Only at St Lawrence Church, Ipswich, and at St Bartholomew the Great, Smithfield, in the City of London, are there rings of five bells surviving from before the Reformation, and ours are the senior.
The building of the tower at St Lawrence began about 1430 because John Bottold was described on his slab at the entrance as its 'first beginner'. In 1447 Thomas Prat's wife Alice left twenty shillings to 'repairing the bells', proof positive that the tower was already built and the first bells hung. The following year Alice Grenehood, widow, left the same amount 'to the making of a bell in the tower there' and in 1451 Christine Hall left more for the same purpose. The Ipswich bells therefore predate the Smithfield five (all cast in about 1510).
While Thomas Wolsey's parents Robert and Joan lived and probably worshipped in the neighbouring parish of8t Nicholas, Joan's brother, the wealthy and influential Edmund Daundy, lived in the parish of St Lawrence and endowed a chantry of St Thomas of Canterbury in the church where priests would sing masses for the souls of the Daundys and Wolseys in perpetuity. The sound of bells at his uncle's church will have been familiar to the young Thomas Wolsey who was born in 1471.
In September 2009 the bells were lowered eight metres and rehung in a new frame in the sturdy part of the tower where they can be safely rung. Ringers will come from all over the country, indeed all over the world, to ring them and hear their uniquely medieval sound, a sound which Wolsey knew well and is unchanged today.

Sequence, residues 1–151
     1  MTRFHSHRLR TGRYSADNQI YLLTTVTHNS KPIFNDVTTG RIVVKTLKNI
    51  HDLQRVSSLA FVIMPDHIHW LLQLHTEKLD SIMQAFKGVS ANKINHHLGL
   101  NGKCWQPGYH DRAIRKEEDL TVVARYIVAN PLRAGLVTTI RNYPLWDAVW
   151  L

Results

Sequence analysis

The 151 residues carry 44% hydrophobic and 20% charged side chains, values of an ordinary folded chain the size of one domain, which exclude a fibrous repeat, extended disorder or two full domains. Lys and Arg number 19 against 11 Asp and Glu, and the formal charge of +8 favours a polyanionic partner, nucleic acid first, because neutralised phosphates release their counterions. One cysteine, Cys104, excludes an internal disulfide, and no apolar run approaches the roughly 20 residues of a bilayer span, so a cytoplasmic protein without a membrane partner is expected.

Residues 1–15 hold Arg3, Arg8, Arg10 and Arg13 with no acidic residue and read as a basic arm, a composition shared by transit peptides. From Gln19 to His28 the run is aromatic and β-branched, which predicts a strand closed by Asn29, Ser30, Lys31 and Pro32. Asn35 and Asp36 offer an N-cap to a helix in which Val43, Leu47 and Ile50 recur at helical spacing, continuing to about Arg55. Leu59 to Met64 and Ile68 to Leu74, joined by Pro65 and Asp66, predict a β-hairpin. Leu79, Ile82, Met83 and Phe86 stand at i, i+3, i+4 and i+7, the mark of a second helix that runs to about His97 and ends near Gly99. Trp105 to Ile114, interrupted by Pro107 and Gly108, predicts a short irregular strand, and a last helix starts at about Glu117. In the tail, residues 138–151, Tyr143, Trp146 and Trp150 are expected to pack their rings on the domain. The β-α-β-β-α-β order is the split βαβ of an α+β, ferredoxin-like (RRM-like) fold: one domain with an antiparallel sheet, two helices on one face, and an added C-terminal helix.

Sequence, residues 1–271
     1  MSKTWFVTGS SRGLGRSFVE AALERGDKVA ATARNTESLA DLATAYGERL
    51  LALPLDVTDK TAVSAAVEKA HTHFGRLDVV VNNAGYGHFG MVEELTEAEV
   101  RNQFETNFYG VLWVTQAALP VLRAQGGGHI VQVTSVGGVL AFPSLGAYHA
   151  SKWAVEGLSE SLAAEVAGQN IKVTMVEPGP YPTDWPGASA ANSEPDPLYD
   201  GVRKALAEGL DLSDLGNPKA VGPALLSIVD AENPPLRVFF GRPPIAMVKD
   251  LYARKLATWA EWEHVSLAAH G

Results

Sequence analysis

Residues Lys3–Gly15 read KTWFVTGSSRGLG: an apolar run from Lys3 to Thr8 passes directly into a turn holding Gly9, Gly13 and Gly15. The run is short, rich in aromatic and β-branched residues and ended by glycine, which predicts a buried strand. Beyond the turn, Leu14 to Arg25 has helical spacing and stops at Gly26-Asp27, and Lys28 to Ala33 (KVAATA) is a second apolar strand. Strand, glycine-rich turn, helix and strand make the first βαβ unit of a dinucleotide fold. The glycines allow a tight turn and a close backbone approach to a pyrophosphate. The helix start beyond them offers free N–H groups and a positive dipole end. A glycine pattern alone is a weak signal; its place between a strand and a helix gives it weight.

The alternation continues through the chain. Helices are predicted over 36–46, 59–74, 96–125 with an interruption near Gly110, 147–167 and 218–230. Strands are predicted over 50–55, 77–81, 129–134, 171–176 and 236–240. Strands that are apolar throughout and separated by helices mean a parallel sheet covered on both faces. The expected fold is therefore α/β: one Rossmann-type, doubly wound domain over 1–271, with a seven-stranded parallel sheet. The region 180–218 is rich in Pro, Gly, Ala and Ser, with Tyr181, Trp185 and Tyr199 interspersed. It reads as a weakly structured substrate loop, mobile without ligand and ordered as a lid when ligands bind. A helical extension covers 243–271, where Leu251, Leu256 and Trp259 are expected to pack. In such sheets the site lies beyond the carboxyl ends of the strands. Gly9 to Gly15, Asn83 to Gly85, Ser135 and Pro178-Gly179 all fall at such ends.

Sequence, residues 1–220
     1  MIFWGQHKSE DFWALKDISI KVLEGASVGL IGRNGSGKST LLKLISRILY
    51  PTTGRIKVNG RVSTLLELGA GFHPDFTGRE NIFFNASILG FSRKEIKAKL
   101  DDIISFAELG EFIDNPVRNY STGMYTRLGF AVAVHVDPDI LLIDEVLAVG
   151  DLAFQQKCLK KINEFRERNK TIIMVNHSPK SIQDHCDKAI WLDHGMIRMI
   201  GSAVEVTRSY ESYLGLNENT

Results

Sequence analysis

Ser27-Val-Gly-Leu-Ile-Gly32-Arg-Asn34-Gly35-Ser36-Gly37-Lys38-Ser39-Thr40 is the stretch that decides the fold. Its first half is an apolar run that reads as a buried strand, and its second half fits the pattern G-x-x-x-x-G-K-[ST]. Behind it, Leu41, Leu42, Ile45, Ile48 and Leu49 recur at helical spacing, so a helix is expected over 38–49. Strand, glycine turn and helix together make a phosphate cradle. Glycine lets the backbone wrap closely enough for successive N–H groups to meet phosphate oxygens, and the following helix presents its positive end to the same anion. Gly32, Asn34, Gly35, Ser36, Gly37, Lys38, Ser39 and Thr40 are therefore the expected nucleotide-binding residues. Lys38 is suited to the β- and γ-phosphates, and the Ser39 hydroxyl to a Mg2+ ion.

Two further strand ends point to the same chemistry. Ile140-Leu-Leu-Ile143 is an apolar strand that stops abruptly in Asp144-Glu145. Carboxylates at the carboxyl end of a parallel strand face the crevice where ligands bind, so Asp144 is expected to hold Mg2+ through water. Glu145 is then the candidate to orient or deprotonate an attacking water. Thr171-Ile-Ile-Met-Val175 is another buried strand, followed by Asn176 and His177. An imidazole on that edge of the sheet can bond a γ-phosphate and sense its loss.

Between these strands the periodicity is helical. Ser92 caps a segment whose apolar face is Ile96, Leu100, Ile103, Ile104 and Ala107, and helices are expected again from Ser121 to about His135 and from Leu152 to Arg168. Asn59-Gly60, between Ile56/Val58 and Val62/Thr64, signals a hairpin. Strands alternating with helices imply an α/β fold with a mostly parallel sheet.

The five bells and their inscriptions
Two bells honour the Virgin Mary and there is one each for 8t Thomas of Canterbury, St Giles, patron saint of blacksmiths, and St Katherine. The Latin prayers are cast on them in raised letters as follows:
Treble Sancta Maria Ora Pro Nobis [Holy Mary pray for us] Made 1490 by Reignold Chirche of Bury St Edmunds
Second Sancta Katerina Ora Pro Nobis [Holy Katherine pray for us] Made about 1440 by William Chamberlain of London
Third Sonitus Egidii Ascendit Ad Culmina Celi [The sound of Giles rises to the vaults of heaven] Made about 1449 by Richard Brasyer 1 of Norwich
Fourth Nos Thomas Meritis Mereamur Gaudia Lucis [May we deserve the joys of light by the merits of Thomas ] Made about 1449 by Richard Brasyer
Tenor Sum Rosa Pulsata Mundi Maria Vocata [I am, when rung, called Mary the Rose of the World] Made about 1449 by Richard Brasyer
It is planned to ring the bells as follows:
•The first Sunday of every month, 9.30 - 9.50 am.
•Every Wednesday lunchtime, 12.30 -13.00 pm.
•Remembrance Day - a muffled peal.
•Christmas shopping Saturday, 18 December 2009 at Noon.
•Christmas morning, 9.30 - 9.50 am.
Other bell ringing in 2010
Easter Sunday morning 9.30 - 9.50 am.
Mayor Making on 19 May and the Celebration of the Town Charter of 1200, on 29 June. Saturday, 10 July, for the Annual Country Dinner of The Ancient Society of College Youths. And on other occasions requested by Ipswich Borough Council or the Churches of Ipswich.
[Editor: Dr Blatchly tells me that the extensive coverage of news about the bells included the BBC World Service. His interview was broadcast in the United States as perhaps the "light entertainment" sandwiched between President Obama's having been called a liar and the predicament of a woman on death row! He also says that there have been visitors coming to Ipswich to hear the bells, staying in hotels on Tuesday night ready for the ringing on Wednesday morning. This is indeed putting Ipswich on the map, pleasantly.